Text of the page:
Good to see positive commentary on Sarich’s role in Smith’s absence. Sarich is often the target for bad commentary here; but it appears he has been commendable in his “replacement role” over the last few months.

    Of course… this may make a team interested in him at the deadline. Or sooner. Hannan and Sarich would be expendable if you could pick up a 4-6 spot replacement. Babchuk could also be moved (we all hope!)

    If we do get into the playoffs… Our goaltending could make us a difficult matchup. Particularly when some of our injured bodies return to active duty.

    Just my thoughts…

  • wawful

    After all the Backlund positivity, here’s hoping he’s not injured for long! The total silence from management about his absence after his fight in the Vancouver game and the fact that they called up Paul Byron from the Heat is making things look a little grim though.

    • Hearing Backlund out 4-6 weeks upper body injury. Byron called up. Anyone else having that pit feeling in their guts. Getting a lot of breaks to win games we shouldnt, translating to not being able to sell our UFA’s because of injuries & how close we are to 8th & then we start to not get the breaks in March & we fall out of it as the injuries just start to come back. We get zero value for our UFA’s. Is that pit feeling cramps from the morning coffee or is it de ja vu?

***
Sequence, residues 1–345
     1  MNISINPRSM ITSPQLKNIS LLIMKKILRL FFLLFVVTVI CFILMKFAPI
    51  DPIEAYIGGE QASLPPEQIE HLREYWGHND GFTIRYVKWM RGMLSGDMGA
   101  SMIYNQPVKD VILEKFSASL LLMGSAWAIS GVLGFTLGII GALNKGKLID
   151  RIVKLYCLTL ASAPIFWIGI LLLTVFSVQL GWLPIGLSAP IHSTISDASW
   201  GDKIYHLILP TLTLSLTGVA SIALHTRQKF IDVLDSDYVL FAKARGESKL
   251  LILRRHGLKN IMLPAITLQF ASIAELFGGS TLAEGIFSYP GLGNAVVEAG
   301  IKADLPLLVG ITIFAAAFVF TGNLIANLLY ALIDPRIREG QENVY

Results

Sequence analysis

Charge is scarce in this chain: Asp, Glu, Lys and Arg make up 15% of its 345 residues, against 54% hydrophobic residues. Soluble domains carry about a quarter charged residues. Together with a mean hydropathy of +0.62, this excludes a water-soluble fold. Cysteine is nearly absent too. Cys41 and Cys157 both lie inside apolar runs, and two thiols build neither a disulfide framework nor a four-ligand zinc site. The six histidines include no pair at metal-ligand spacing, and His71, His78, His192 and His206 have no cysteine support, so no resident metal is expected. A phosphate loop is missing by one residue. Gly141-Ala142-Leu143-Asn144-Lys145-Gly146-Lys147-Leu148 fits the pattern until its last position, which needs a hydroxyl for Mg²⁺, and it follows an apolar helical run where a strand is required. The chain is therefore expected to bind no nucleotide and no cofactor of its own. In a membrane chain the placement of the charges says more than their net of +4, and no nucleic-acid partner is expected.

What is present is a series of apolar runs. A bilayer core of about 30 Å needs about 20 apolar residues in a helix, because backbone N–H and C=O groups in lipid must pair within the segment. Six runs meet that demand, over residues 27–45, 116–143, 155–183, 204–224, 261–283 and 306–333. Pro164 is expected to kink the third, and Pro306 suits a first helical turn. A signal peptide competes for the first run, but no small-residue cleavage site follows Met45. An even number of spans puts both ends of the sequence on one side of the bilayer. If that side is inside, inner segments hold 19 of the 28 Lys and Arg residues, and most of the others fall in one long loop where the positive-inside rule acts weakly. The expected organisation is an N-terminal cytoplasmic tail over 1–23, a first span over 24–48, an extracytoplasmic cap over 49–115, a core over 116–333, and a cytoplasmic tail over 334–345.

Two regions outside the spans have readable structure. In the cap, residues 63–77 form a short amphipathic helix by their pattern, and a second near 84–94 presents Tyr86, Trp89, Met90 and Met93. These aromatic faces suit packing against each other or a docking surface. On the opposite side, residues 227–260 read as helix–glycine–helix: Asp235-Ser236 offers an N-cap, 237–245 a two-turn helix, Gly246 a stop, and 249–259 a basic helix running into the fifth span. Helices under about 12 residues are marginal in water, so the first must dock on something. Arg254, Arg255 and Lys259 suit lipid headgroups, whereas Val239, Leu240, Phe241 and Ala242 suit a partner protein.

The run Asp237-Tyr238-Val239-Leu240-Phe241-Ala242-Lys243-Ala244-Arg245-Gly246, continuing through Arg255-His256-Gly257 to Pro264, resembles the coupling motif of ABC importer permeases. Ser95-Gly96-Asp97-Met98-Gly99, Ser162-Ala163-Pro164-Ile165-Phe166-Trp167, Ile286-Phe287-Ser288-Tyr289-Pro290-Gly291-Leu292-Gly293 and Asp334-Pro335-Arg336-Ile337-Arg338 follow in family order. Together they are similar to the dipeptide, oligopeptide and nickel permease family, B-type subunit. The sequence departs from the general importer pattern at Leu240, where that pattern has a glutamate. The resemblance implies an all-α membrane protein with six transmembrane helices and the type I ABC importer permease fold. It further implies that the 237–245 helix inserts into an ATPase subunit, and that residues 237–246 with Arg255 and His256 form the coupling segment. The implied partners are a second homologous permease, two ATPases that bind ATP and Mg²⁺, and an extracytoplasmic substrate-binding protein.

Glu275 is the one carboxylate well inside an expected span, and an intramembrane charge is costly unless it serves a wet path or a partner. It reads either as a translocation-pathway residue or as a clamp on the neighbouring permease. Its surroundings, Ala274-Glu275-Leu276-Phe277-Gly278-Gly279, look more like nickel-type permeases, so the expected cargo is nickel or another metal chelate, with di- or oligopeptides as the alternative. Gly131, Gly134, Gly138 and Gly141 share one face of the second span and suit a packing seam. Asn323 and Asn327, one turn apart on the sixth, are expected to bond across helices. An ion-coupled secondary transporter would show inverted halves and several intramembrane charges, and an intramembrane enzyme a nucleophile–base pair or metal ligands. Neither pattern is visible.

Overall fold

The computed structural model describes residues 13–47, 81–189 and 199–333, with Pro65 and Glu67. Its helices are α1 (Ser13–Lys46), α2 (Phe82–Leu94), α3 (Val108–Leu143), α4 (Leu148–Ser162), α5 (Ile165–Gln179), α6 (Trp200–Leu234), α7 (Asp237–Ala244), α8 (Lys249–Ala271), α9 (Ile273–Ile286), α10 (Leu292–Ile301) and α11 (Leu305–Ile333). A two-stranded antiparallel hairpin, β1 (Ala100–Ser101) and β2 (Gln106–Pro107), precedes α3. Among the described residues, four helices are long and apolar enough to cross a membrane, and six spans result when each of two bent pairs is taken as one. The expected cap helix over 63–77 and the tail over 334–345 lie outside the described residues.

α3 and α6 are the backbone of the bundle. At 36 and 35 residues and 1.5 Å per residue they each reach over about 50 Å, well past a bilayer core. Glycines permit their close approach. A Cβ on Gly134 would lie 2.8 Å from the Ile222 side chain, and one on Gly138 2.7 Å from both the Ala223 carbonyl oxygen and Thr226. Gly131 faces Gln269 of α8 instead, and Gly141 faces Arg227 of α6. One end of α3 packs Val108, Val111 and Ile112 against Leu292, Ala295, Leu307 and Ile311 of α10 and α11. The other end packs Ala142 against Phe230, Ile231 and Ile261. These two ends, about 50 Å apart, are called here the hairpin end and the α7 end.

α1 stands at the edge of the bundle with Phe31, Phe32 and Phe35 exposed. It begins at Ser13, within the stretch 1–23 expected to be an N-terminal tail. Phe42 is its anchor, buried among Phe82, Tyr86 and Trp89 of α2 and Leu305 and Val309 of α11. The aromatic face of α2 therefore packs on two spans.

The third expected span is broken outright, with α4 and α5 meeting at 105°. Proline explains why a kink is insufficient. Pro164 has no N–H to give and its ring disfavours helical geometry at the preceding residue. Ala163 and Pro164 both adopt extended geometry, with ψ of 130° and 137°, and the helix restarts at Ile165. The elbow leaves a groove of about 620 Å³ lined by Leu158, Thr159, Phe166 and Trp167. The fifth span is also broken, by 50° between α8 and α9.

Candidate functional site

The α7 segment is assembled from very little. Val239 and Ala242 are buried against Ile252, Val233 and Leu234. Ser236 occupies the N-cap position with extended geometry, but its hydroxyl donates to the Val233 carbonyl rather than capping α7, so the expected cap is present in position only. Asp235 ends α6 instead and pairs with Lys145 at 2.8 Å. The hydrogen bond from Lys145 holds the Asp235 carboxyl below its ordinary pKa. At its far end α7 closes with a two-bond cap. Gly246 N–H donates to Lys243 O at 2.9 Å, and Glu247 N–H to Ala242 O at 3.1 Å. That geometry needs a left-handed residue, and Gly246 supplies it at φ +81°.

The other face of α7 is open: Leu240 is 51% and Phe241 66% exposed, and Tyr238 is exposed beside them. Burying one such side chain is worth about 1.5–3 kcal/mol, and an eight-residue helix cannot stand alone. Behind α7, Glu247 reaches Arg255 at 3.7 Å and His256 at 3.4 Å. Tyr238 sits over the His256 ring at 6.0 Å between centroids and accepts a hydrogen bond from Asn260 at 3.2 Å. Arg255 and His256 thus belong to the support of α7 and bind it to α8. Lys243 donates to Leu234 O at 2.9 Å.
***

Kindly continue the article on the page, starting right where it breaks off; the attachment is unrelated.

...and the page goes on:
• Sairch is fine when he doesn’t try to do too much, is paired with a mobile partner and doesn’t spend too much time beyond the third pairing.

    The Flames goaltending has been excellent for about 6 weeks. Here’s hoping will continue indefinitely. If it falls off at all, the Flames will drop out of the playoff picture.

  • RKD

    yet another set back for micky backwards, when does the optimism fade. its starting to look to me that the swedish sensation is turning into a big time project.

  • According to Bobby Mac’s twitter feed, sounds like Backlund will be out at least a month, official word should come out today. So our centers now look like this: Jokinen, Horak, Byron, Stajan. YEEEEEEESH. If there was ever an opportunity for Stajan to improve his position in the lineup, the time is now. If the Flames make the playoffs, Brent Sutter should be a Jack Adams’s candidate. Seriously. This is getting Pittsburgh Penguins bad.